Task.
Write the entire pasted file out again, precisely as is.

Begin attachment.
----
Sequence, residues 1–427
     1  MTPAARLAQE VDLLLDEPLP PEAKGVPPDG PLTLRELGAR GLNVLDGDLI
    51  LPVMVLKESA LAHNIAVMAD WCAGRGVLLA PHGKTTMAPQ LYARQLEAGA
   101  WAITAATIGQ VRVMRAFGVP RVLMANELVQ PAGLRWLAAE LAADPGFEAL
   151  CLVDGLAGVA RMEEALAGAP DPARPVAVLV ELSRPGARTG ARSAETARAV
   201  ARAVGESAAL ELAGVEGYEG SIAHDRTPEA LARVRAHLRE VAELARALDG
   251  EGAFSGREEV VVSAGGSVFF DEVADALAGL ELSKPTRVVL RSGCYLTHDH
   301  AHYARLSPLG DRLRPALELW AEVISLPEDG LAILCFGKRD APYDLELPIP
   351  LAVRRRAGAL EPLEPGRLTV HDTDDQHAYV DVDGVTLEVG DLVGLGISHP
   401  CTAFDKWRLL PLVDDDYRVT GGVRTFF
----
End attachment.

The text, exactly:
Sequence, residues 1–427
     1  MTPAARLAQE VDLLLDEPLP PEAKGVPPDG PLTLRELGAR GLNVLDGDLI
    51  LPVMVLKESA LAHNIAVMAD WCAGRGVLLA PHGKTTMAPQ LYARQLEAGA
   101  WAITAATIGQ VRVMRAFGVP RVLMANELVQ PAGLRWLAAE LAADPGFEAL
   151  CLVDGLAGVA RMEEALAGAP DPARPVAVLV ELSRPGARTG ARSAETARAV
   201  ARAVGESAAL ELAGVEGYEG SIAHDRTPEA LARVRAHLRE VAELARALDG
   251  EGAFSGREEV VVSAGGSVFF DEVADALAGL ELSKPTRVVL RSGCYLTHDH
   301  AHYARLSPLG DRLRPALELW AEVISLPEDG LAILCFGKRD APYDLELPIP
   351  LAVRRRAGAL EPLEPGRLTV HDTDDQHAYV DVDGVTLEVG DLVGLGISHP
   401  CTAFDKWRLL PLVDDDYRVT GGVRTFF